Crown graphene nanomeshes: Highly stable chelation-doped semiconducting materials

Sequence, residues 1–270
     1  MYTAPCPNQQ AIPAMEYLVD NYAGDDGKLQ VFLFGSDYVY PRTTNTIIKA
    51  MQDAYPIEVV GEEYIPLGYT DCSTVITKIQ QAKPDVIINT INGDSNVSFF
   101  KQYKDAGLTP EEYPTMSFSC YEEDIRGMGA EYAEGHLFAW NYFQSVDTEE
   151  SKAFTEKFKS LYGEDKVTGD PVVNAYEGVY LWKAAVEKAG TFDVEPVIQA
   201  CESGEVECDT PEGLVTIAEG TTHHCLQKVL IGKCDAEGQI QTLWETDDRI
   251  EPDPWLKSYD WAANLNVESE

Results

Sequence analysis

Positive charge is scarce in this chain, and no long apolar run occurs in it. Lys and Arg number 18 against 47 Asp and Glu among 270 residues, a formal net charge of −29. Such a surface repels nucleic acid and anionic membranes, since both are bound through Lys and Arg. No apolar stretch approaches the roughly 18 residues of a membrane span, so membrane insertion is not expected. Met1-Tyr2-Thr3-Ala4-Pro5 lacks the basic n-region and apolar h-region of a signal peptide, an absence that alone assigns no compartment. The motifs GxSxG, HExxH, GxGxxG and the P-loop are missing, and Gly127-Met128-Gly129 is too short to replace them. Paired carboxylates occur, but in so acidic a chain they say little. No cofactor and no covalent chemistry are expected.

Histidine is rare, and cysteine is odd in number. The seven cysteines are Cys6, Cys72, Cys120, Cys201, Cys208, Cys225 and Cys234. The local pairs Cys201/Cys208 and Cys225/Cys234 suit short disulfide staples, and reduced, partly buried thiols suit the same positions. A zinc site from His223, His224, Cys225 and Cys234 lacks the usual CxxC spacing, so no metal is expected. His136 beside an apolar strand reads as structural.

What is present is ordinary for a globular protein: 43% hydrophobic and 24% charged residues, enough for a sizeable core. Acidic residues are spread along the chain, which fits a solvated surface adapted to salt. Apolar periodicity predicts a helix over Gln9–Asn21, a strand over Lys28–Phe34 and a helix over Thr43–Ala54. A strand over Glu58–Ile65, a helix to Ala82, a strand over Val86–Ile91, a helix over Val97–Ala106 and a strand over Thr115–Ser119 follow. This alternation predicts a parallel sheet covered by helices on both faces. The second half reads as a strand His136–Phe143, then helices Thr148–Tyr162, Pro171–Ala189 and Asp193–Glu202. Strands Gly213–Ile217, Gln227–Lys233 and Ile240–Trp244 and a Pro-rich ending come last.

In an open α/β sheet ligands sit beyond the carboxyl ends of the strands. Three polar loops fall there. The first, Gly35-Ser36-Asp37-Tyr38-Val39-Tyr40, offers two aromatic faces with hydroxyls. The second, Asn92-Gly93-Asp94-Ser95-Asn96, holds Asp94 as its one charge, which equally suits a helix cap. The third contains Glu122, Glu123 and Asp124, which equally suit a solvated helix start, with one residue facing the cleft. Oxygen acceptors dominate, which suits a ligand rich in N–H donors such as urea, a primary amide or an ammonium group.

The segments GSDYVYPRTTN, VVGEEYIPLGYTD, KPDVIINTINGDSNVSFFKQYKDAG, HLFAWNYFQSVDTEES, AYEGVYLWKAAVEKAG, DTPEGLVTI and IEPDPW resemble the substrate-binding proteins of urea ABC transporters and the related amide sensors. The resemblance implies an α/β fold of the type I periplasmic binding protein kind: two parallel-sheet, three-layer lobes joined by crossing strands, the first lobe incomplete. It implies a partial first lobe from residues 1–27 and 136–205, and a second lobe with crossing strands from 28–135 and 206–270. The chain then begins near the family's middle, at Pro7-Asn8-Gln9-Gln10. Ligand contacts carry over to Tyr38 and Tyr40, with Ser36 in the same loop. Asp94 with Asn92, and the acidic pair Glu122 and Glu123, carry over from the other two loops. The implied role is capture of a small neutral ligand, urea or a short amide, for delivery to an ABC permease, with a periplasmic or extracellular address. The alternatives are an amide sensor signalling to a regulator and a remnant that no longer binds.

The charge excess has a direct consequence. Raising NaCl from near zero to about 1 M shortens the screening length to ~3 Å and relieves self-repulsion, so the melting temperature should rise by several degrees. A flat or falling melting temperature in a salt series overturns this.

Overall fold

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Graphene nanomeshes (GNMs) formed by the creation of pore superlattices in graphene are a possible route to graphene-based electronics due to their semiconducting properties, including the emergence of fractional electronvolt band gaps. The utility of GNMs would be markedly increased if a scheme to stably and controllably dope them was developed. In this work, a chemically motivated approach to GNM doping based on selective pore-perimeter passivation and subsequent ion chelation is proposed. It is shown by first-principles calculations that ion chelation leads to stable doping of the passivated GNMs - both n- and p-doping are achieved within a rigid-band picture. Such chelated or "crown" GNM structures are stable, high mobility semiconducting materials possessing intrinsic doping-concentration control; these can serve as building blocks for edge-free graphene nanoelectronics including GNM-based complementary metal oxide semiconductor (CMOS)-type logic switches. © 2013 American Chemical Society.